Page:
Research

  1. A detailed description of our main research aim and focus, including our international context, highlights and achievements can be found here : Anatomy-molecular-cardiovascular-developmental-biology
  2. You can find more about specific research lines in the subgroup links on the right 
  3. Our Key publications can be found here : Key-publications
  4. You can also find a more complete list of publications here, but it takes more time to load: All publications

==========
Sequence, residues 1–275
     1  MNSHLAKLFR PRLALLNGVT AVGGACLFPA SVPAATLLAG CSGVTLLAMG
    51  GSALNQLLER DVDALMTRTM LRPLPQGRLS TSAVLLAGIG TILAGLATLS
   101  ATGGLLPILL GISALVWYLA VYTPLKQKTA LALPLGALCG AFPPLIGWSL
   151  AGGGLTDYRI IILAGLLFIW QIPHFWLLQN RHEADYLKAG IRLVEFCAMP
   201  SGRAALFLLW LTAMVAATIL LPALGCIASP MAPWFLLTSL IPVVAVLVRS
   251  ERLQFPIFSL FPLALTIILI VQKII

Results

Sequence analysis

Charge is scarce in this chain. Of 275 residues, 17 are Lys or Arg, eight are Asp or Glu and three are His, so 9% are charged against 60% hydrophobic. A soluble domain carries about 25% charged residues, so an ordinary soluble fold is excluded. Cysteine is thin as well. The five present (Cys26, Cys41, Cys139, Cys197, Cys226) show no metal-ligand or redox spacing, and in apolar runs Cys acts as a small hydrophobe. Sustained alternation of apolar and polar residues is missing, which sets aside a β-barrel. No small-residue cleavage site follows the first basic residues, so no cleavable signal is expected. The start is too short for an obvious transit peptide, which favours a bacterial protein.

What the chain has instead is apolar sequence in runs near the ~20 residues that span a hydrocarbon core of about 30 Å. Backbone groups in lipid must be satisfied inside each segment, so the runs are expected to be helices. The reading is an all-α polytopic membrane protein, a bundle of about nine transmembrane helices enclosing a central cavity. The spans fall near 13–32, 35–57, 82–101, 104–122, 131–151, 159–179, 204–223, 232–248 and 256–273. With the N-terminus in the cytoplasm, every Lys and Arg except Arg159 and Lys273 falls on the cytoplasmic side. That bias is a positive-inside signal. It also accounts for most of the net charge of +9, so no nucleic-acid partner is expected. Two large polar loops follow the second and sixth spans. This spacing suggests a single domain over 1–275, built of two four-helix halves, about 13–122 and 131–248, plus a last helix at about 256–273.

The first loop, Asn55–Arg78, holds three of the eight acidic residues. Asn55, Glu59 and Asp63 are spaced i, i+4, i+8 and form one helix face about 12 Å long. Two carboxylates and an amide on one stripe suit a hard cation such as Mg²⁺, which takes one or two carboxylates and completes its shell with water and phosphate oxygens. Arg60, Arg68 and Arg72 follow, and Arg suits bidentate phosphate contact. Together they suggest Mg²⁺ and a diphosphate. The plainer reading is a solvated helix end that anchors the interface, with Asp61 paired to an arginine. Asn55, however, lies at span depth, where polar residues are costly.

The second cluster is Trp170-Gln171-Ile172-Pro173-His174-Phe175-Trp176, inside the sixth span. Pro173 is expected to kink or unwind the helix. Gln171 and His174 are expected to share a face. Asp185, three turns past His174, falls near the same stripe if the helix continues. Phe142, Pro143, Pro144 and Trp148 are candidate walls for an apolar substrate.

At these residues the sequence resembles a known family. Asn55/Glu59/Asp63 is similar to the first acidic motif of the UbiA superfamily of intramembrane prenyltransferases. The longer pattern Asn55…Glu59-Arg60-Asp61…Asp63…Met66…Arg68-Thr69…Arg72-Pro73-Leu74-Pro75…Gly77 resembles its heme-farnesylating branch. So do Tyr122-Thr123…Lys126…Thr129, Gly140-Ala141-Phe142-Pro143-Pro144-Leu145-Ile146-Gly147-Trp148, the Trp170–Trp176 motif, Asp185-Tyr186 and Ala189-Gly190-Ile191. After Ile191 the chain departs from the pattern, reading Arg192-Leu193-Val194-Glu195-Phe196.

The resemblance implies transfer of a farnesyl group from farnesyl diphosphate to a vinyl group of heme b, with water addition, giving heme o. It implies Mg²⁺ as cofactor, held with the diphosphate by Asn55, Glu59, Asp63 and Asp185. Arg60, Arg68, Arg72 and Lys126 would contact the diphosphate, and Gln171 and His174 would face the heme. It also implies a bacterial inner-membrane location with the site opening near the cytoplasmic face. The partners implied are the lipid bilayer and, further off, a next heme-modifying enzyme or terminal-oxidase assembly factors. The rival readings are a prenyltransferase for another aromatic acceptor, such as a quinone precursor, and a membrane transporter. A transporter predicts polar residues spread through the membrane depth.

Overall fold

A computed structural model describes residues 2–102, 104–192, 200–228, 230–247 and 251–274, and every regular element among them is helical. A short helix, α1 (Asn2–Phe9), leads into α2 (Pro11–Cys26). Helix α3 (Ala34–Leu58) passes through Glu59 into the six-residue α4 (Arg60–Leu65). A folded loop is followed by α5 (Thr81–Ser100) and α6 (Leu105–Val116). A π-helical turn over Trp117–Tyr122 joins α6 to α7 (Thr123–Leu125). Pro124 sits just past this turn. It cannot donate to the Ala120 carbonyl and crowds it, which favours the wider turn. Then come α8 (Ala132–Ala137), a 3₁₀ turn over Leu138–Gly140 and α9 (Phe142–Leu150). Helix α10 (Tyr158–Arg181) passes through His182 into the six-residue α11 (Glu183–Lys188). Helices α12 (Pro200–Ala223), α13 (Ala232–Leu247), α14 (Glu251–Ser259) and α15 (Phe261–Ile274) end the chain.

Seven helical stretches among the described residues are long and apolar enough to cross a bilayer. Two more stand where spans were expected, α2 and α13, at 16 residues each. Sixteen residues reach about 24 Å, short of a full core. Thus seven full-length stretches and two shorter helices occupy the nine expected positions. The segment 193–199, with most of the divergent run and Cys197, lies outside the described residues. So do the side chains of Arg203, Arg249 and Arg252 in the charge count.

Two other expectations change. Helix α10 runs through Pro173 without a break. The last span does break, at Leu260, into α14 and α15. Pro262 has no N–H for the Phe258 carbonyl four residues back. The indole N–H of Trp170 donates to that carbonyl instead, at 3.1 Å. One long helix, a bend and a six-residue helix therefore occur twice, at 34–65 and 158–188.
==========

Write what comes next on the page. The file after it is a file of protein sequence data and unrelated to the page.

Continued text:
The heart is the first organ to form during embryonic development and its proper connection to the vasculature and blood circulation are controlled by a complex interplay of multiple signalling pathways. Maladaption of these pathways not only leads to congenital heart and vascular defects but also to late onset cardiovascular disease. Conversely, recapitulating normal use can support directed differentiation of stem cells so that human derivatives of the cardiovascular lineages can be produced for a multiplicity of biomedical applications ranging from disease modelling and drug discovery to regenerative medicine. This research programme aims to define molecular and biomechanical mechanisms that : 1. are used by progenitors to form cellular components of the heart and vasculature, 2. support cardiovascular cell maturation to fully functional phenotypes and 3. cause deregulation in cardiac and vascular disease. We use (pluripotent) stem cells, embryos and foetuses of chicken, mouse and human origin to identify functional signalling pathways in combination with a range of classical (embryo culture, histology, gross morphology, electrophysiology) and modern molecular techniques (molecular imaging, functional genomics, proteomics and epigenomics, high content analysis, gene editing techniques) for this purpose.